I have yet to digest the SOTU speech from tonight, but as I was clicking around my countless Firefox tabs, I came across a quote I put up on my Facebook profile just about a year ago. Here’s Obama at the OFA Staff Ball, in January 2009, speaking more candidly and openly than I’ve ever seen him speak since then:
When I look out and I see all of you, I think – I’m – Look at you, you’re just kids.
And maybe, maybe its because so many of you are so young, or at least young at heart – that, you could imagine what had not been done before. You didn’t know any better when people said I couldn’t win.
You didn’t understand when folks said, that’s not how it’s done. When people said, well you can’t raise money over the Internet, $25 at a time. You didn’t know, so you went ahead and raised another $25 at a time – “Yes – Yes We Can.”
But people said, well you – you can’t build a grassroots organization in all fifty states and – and have – have people just get on a website and decide, “Well I have hope for Obama and I’m just going to start organizing for him.”
People – you’re not supposed to be able to do that. But you guys just went ahead and did it – you didn’t know any better. You said, “Yes We Can.” […]
But, but here’s the thing – I guess, that’s most important to me – is that take the spirit, the culture of this campaign, and you keep applying it – not just to campaigns, that you – that – that sense – that sense of possibility that you guys can do anything, that you can reimagine the world, that you can lead, not by trying to manipulate your way – or – or – or push down somebody else to get your way – but, instead lead – you know – through the force of your example, and your discipline, and your creativity. […]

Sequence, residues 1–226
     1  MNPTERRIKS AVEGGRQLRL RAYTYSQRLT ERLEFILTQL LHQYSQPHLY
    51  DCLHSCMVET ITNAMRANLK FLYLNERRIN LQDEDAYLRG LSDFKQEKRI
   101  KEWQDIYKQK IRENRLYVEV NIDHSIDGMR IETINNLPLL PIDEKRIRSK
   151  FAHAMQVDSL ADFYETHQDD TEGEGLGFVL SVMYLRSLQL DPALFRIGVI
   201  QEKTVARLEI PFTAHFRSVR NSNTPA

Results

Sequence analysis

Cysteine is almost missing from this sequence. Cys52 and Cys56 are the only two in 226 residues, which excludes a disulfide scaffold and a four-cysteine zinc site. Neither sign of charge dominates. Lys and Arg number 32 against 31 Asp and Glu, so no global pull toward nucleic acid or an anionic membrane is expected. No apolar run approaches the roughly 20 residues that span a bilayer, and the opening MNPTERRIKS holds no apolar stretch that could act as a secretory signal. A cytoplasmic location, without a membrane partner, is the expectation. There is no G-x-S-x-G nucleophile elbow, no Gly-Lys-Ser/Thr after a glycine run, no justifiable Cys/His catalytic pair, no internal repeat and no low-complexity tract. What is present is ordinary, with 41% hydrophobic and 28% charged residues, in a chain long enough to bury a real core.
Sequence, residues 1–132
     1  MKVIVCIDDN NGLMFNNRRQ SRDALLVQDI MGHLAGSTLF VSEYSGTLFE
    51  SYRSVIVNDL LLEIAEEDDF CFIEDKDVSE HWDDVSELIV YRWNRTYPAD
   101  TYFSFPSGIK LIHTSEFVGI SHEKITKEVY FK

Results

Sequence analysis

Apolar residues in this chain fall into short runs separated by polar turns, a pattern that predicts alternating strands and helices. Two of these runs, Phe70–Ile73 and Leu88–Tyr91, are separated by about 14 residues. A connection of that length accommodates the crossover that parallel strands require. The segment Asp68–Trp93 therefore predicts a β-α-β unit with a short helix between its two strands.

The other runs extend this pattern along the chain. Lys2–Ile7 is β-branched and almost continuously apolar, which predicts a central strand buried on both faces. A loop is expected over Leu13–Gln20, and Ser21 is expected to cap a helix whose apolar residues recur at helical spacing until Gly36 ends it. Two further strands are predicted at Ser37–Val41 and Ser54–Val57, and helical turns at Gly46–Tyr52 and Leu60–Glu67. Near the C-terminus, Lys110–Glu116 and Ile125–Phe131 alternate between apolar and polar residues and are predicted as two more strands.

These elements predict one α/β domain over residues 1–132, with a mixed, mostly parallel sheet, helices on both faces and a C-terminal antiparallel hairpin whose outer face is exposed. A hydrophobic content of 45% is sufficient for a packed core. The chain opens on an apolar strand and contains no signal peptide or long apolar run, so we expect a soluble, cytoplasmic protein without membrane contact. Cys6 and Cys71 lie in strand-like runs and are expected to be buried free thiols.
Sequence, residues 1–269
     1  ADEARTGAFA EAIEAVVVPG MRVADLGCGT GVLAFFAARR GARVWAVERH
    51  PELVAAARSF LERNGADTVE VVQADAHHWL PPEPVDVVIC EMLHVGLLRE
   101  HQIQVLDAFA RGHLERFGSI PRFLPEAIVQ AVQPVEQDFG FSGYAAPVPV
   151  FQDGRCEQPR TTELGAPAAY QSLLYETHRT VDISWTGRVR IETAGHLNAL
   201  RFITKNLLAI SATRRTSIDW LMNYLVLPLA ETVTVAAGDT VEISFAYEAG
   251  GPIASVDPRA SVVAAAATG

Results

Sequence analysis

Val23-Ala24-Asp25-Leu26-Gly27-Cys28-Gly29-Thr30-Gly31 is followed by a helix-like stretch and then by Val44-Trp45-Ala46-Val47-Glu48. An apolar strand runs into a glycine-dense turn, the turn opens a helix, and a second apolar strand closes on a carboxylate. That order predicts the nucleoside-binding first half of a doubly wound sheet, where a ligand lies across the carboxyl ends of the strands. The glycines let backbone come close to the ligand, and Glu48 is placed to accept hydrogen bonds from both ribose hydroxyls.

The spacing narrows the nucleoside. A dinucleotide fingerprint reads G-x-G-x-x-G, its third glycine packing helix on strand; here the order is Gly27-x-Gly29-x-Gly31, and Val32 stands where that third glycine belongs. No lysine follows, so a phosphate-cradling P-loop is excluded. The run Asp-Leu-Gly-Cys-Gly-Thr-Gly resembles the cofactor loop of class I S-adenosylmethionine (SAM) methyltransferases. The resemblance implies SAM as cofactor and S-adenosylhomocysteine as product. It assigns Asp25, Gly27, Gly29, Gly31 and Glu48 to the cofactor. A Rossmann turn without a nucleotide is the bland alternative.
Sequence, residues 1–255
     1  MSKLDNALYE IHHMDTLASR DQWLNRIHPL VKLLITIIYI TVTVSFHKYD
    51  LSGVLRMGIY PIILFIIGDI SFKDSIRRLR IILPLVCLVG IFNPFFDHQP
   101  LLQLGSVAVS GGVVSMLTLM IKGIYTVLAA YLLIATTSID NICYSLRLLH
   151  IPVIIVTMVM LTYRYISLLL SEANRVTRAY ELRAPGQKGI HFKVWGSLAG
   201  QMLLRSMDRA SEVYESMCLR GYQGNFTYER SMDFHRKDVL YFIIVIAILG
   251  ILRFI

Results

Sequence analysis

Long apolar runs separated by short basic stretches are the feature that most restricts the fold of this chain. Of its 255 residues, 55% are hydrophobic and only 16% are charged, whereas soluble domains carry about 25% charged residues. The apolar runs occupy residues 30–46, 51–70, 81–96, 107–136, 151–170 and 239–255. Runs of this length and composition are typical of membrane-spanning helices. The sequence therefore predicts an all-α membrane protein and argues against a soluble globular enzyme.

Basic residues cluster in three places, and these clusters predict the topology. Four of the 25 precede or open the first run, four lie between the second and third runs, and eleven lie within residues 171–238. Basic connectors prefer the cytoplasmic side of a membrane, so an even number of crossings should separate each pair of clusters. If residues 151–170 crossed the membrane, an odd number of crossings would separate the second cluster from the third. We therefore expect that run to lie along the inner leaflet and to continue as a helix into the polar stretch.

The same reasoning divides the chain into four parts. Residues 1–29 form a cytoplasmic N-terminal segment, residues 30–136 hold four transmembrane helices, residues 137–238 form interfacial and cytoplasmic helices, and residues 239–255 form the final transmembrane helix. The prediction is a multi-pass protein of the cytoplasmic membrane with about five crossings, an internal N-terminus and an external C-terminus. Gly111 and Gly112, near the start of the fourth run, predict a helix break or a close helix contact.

What an enormous force you’ve got inside yourselves – Don’t put that on the shelf and wait for the next four years – next week, next month, next year, for the rest of your lives – Cling on to that essential thing about you.
What made this campaign special was you.
And don’t let anybody forget – Don’t let anybody take that away from you. […]
You, together, can change the world.
When he said “Don’t let anybody take that away from you” — did he have the premonition that he, too, would lose that awesome, deity-like hold on his supporters some day? That the trials and decisions of governance would prove an affront to the idealism of the young people who worked so hard to get him elected? I keep wondering whether Obama knew this would happen–the disillusionment. The imperfection and compromises of government, the lack of ideologically pure approaches to policy-making.
Perhaps the true lesson we should take away from working so hard to get Obama elected is that we can’t rely on “important” people, “powerful” people, to make our lives better anymore. Maybe that’s what he was trying to say. That he wanted our support, but not our reliance upon him, to make this country work better for the average person. For us.
State and local laws impact our lives far more than we give them credit for. We don’t have to move the nation to begin improving the lives of New Yorkers today. Look at Massachusetts — they already have a healthcare plan akin to what we’re desperately trying to pass at the federal level. Change CAN happen locally. And if there is an impasse at the national level because, oh, I don’t know, Democrats in DC don’t have any balls left to do what a near-super-majority elected them to do, then there ARE other avenues for action and activism.
That’s what I’m going to believe in and work towards for 2010.